If you ask a group of students what they love about texting and what they can’t stand, you’ll get an earful! Texting offers some interesting challenges for middle school students as they develop and practice social and emotional interactions with one another. How can we help our middle level students navigate these challenges of texting?
Before our students are on social media such as Twitter and Facebook they are usually already texting. Even devices that are not technically cell phones can offer students the opportunity to send text messages. Kids in fourth, fifth and sixth grade (and beyond) will often “group text” with huge numbers of peers, some that they may not even know in person.
Starting a classroom conversation about texting can help students share and learn together the best ways to navigate the world of texting. Teachers could
- Have students discuss texting in “pair shares”
- Visit with students asking for pros and cons from every student (if you have a small enough group)
- Include as an essay topic the things students like or don’t like about texting
In addition, here are some structured exercises and discussion topics that can help students learn great tools for being a super-polite texter and a better friend:
- Invent Your Own App
I love doing this exercise with kids. Pose a question or describe a texting problem to them, then ask “What app would you invent to fix this?” One group of kids I worked with invented an app to deal with the challenges of group texts. They offered a way to “step out” temporarily (to do homework or take a shower) without coming back to 900 texts. They also offered a feature for getting out completely, and a reminder about who is participating (since you only see phone numbers for contacts not in your address book) so they would know not to talk about those individuals … really clever stuff … and it’s such a great exercise to make them cognizant of the pitfalls of texting.
- Boundaries Challenge
Ask them to explain how they can identify and express boundaries. Two important boundaries are time and availability. Kids need to know that they don’t have to be responsive 24/7. How can they construct some simple language for expressing a clear boundary to peers? For example, “I can’t respond to texts after 9:00 pm.” or “I don’t group text.” Not only does this teach them about boundaries (useful in general too!), but it also helps them feel less worried about how they will be perceived if they don’t respond right away. Another set of boundaries is social. What kinds of conversations do we not want to be part of via text, IM, or other digital (and highly shareable) modes? When might a student want to say, “I can’t be part of a chat if there is mean talk about other kids.” etc. Their need for inclusion makes it difficult for students to come up with this on their own, so it’s a great opportunity for them to have space at school to think through the role of texting in their lives.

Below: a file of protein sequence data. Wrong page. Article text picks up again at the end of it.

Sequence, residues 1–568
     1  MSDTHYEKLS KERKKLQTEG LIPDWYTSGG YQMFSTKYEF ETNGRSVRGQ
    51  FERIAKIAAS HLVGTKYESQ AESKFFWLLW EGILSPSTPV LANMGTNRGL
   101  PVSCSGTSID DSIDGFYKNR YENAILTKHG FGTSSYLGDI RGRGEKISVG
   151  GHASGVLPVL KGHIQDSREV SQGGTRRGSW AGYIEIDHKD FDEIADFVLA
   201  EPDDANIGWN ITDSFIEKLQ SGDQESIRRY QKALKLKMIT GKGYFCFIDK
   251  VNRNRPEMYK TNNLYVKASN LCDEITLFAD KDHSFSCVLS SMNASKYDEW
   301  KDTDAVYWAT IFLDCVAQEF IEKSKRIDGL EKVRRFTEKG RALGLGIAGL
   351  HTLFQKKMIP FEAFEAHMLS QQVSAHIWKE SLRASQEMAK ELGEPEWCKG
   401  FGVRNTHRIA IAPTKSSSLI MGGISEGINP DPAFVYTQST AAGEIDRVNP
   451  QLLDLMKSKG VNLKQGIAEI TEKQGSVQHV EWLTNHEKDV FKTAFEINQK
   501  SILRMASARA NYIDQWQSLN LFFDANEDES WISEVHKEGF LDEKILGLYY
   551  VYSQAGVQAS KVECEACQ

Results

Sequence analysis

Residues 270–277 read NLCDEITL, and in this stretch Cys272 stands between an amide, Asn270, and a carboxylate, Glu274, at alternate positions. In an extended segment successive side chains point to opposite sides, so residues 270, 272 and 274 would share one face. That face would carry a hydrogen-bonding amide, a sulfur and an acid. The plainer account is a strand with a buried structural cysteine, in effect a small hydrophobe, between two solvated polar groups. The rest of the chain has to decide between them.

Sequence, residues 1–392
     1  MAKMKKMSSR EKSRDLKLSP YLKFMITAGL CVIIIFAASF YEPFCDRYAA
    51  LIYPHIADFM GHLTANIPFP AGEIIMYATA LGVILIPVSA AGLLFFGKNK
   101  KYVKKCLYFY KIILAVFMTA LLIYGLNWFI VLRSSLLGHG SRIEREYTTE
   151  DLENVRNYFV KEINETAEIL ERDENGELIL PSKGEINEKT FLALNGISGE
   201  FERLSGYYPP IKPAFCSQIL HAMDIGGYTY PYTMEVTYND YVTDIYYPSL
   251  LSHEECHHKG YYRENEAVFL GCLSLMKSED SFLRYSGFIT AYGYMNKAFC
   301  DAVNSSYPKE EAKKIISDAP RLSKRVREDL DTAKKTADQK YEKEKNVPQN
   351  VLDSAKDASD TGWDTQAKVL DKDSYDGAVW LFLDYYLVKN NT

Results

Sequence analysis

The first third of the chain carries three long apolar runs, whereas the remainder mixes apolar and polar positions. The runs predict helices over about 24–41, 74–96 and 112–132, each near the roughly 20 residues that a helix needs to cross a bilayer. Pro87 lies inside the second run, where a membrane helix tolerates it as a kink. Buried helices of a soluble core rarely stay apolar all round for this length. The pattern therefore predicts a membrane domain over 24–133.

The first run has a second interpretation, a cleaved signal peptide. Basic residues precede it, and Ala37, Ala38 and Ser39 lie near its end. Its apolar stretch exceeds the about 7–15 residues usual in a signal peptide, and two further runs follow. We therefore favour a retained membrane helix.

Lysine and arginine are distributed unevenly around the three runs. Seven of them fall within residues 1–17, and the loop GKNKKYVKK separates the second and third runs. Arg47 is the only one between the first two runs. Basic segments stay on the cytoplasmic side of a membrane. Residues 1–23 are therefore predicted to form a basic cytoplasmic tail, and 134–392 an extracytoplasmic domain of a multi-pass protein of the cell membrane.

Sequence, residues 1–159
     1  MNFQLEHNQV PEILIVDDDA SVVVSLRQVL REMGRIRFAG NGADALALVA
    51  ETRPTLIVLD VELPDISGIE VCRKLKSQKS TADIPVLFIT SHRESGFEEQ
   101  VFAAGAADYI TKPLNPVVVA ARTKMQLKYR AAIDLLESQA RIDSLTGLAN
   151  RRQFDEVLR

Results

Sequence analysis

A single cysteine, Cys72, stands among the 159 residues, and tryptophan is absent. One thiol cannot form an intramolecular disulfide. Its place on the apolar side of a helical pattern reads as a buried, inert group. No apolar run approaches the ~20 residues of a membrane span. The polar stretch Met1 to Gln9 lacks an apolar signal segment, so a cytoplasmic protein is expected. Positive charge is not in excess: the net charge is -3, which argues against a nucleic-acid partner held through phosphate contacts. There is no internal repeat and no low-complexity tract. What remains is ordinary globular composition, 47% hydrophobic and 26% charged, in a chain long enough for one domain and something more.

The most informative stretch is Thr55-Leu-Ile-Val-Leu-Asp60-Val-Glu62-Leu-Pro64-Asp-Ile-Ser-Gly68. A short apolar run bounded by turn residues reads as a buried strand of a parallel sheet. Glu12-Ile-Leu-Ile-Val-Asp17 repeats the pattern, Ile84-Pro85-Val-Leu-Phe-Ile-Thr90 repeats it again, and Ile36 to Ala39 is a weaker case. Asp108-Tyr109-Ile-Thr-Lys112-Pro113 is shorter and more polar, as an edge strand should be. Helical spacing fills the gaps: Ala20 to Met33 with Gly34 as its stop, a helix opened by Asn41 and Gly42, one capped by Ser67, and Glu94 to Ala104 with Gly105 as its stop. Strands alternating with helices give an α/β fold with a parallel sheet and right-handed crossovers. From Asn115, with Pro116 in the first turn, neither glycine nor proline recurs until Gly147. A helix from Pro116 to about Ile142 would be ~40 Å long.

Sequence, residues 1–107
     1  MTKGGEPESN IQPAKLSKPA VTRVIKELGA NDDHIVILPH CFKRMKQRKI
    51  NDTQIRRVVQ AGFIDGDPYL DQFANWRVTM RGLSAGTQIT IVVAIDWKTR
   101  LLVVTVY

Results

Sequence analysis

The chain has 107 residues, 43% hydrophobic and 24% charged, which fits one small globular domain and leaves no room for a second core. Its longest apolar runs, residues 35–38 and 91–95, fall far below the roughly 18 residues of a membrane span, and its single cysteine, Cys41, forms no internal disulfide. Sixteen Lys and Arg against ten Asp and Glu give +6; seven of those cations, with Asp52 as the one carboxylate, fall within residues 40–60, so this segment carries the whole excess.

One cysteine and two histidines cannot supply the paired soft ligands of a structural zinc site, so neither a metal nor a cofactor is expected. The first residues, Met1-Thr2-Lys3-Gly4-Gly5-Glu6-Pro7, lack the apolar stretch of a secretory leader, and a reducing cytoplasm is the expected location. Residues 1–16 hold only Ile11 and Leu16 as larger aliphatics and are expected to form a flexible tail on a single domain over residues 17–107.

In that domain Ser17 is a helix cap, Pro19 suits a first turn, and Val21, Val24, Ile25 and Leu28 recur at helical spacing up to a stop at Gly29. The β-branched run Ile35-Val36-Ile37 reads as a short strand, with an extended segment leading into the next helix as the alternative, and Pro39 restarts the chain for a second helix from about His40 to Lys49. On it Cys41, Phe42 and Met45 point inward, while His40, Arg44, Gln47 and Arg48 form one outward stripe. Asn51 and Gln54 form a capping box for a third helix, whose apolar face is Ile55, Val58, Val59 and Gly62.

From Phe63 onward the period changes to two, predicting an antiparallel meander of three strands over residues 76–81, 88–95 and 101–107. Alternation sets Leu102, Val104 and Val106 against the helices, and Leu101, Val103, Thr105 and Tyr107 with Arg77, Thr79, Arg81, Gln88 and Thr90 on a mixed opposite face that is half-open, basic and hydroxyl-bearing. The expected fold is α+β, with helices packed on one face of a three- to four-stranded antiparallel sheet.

- Function vs. Emotion Discussion
Ultimately, we want to teach our students that text messaging is a great way to stay in touch and feel connected to your peers. It’s great for quick exchanges, planning, and meeting up. In other words, it has functional and practical uses. Emotional issues, on the other hand, don’t translate well in text messages or social media. They are too complex for such a simple medium. Talk with students about sticking with the functional aspects. That doesn’t mean that you can’t show support for a friend with a well-timed smiley emoticon, but talk with your kids about different situations so they can get a feel for what’s appropriate and what’s not.
- Conflict Discussion
It is especially important that when kids have a conflict, they can use skills to mend fences in person. A sense of urgency can take over when trying to resolve a dispute. It can escalate quickly. Ask your students to think of examples when it is better to exercise restraint, be patient, and resolve the issue in a face-to-face discussion. The phone can work too, but it’s extremely difficult to successfully resolve an argument via text message. Suggest to your students that they can avoid escalating a conflict with a simple message such as, “Texting might not be the best way to discuss this—can we talk F2F?”Conflicts can be very intense when they can be so easily shared. Other students may be all too eager to look in from the sidelines. Ask your students if they have ever felt “recruited” into other people’s conflicts? What if a nasty exchange erupts as part of a group text, or someone posts a rude comment on someone else’s Instagram picture? Do you get involved? Will that help or make it worse? As I often say, conflict can be a spectator sport.
Texting can be fun and fulfilling if our students understand how to use it correctly. It can be an important part of their social sphere, so it’s worth investing the time to help them learn the unwritten rules. You’ll find that students are eager to have a space to discuss the challenges that texting can bring.
Devorah Heitner, PhD , founder and CEO of Raising Digital Natives, specializes in providing educators and families guidance and resources that help children thrive in our increasingly digital world. Her curriculum, Connecting Wisely, is used in schools across the United States. Watch for an upcoming webinar by Devorah Heitner on Social/Emotional Perspectives on Digital Citizenship for Middle Level Students in March 2016.